On deafness and quietness

In 1989, I wrote a story (titled “Absences”) about a kid and her brother who had survived an alien invasion. Part of the core idea of the story was that the invading aliens were super sensitive to sound; humans who made too much noise got killed, and the protagonist’s brother was deaf, so the protagonist knew ASL and could therefore communicate silently, and that had helped her survive.

I was pretty pleased with that story, and it was published in our sf club’s magazine, and it helped me get into Clarion West. But then Bhadrika, who actually knew some ASL and had interacted with real live deaf people (unlike me at the time), pointed out to me that there’s no reason that a deaf kid would be unusually quiet.

I was chagrined. That seemed incredibly obvious after she pointed it out, but it hadn’t occurred to me at all until she pointed it out. (In my notes for myself that I wrote while writing the story, I had written “Ben has learned not to do things that make noise, even if he can't hear them.”)

I thought of my story when A Quiet Place came out, and again when The Silence came out. I haven’t seen either movie, and don’t plan to (despite the Hugo nomination for the former); too horrory for me. But I see that, according to this review of The Silence, both movies made the same mistake I did.

One Response to “On deafness and quietness”

  1. Jed

    Here’s some unrelated-to-deafness musing about my story; content warning for discussion of kids’ reactions to deaths of parents.

    My story was primarily intended to be about the self-protective distancing that the kid was doing to avoid feeling debilitating grief over the loss of her parents; both of her parents had been taken by the aliens while they were out of her sight, so she didn’t have to fully confront the likelihood that they were dead. More specifically, it was drawing slightly on my own experience as a kid, of hearing that my mother had died; she was far away, the hospice called my father and told him, he told me and my brother. It wasn’t that I didn’t believe she was dead, but there was a certain unrealness to the experience; she went away while she was alive, and she never came back.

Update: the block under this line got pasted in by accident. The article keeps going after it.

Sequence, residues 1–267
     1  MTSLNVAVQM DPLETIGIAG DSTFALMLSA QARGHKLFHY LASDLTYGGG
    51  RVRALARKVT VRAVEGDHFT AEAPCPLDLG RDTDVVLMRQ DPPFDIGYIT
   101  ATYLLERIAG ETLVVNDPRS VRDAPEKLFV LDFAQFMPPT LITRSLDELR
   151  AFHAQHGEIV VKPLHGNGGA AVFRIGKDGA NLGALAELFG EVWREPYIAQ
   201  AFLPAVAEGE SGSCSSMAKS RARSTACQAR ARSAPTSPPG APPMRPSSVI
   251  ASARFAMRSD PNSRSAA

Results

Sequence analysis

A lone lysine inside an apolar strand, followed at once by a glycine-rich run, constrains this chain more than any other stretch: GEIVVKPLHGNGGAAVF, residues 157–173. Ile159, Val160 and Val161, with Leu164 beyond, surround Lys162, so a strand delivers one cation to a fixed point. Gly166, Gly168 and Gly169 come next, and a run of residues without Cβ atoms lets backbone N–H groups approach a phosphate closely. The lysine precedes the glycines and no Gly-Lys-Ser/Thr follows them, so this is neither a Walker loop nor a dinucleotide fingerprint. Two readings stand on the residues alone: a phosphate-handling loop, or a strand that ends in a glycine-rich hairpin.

But nobody who read the story ever understood that that was what I was aiming for. I occasionally consider trying to incorporate that idea into another story, and doing a better job of it.

    One part of why readers didn’t get what I was going for in that story was that it was obscured by the prose. I wrote the story for a linguistics class on oral and written language, and one of my goals was to represent the protagonist’s narrative voice on the page as explicitly as I could. I had a very clear idea in my head of how her voice should sound, which resulted in my using apostrophes to indicate letters/sounds left out of words. Every page included dozens of apostrophes. I think most of my Clarion classmates found the story nearly unreadable as a result.


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